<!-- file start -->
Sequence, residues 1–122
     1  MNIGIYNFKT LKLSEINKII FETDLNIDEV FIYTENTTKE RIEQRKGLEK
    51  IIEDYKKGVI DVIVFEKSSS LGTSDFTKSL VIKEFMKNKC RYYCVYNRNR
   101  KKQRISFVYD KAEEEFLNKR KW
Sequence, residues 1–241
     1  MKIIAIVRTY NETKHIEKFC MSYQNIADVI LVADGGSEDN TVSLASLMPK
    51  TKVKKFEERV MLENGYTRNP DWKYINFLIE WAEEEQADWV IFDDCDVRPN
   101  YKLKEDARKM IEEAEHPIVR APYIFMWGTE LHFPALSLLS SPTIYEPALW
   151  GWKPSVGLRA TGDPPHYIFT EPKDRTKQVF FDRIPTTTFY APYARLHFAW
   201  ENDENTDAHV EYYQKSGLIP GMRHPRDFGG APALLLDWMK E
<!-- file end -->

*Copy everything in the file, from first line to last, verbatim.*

Sequence, residues 1–122
     1  MNIGIYNFKT LKLSEINKII FETDLNIDEV FIYTENTTKE RIEQRKGLEK
    51  IIEDYKKGVI DVIVFEKSSS LGTSDFTKSL VIKEFMKNKC RYYCVYNRNR
   101  KKQRISFVYD KAEEEFLNKR KW
Sequence, residues 1–241
     1  MKIIAIVRTY NETKHIEKFC MSYQNIADVI LVADGGSEDN TVSLASLMPK
    51  TKVKKFEERV MLENGYTRNP DWKYINFLIE WAEEEQADWV IFDDCDVRPN
   101  YKLKEDARKM IEEAEHPIVR APYIFMWGTE LHFPALSLLS SPTIYEPALW
   151  GWKPSVGLRA TGDPPHYIFT EPKDRTKQVF FDRIPTTTFY APYARLHFAW
   201  ENDENTDAHV EYYQKSGLIP GMRHPRDFGG APALLLDWMK E